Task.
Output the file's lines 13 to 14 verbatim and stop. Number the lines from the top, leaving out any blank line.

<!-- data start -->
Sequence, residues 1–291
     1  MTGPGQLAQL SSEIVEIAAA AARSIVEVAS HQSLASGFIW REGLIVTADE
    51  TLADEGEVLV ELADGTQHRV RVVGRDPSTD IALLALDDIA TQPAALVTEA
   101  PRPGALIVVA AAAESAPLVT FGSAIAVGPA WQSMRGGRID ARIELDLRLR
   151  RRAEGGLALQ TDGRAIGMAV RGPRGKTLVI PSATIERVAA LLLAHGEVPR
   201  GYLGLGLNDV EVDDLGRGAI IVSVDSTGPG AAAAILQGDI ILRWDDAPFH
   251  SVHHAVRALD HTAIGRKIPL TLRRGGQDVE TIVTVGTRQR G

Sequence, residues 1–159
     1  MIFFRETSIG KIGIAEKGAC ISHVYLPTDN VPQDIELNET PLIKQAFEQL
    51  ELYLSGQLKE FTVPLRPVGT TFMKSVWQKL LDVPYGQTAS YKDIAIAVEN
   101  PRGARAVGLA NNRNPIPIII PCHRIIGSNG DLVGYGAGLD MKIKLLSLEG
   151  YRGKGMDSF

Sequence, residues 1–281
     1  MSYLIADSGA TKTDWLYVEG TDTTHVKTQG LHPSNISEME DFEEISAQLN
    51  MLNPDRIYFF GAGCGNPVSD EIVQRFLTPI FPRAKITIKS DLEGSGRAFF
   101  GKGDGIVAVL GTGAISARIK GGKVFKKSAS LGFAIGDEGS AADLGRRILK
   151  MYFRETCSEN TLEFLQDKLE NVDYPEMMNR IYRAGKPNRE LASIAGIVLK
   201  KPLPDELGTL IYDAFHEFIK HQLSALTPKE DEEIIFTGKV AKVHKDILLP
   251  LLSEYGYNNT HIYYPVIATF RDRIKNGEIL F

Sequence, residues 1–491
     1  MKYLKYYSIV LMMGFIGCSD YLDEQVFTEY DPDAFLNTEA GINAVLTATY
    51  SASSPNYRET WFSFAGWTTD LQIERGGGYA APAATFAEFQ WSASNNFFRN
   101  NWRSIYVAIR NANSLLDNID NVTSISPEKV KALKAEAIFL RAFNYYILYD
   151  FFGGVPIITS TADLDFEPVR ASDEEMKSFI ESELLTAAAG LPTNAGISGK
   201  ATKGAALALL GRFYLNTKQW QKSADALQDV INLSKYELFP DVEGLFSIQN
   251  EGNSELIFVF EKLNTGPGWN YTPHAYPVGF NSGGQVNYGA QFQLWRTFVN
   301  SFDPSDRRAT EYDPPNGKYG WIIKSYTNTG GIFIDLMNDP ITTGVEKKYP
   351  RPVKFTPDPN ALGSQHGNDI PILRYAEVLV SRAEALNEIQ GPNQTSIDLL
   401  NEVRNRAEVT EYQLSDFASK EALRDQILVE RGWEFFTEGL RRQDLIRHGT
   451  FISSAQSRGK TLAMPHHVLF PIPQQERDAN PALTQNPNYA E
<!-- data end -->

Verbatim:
Sequence, residues 1–281
     1  MSYLIADSGA TKTDWLYVEG TDTTHVKTQG LHPSNISEME DFEEISAQLN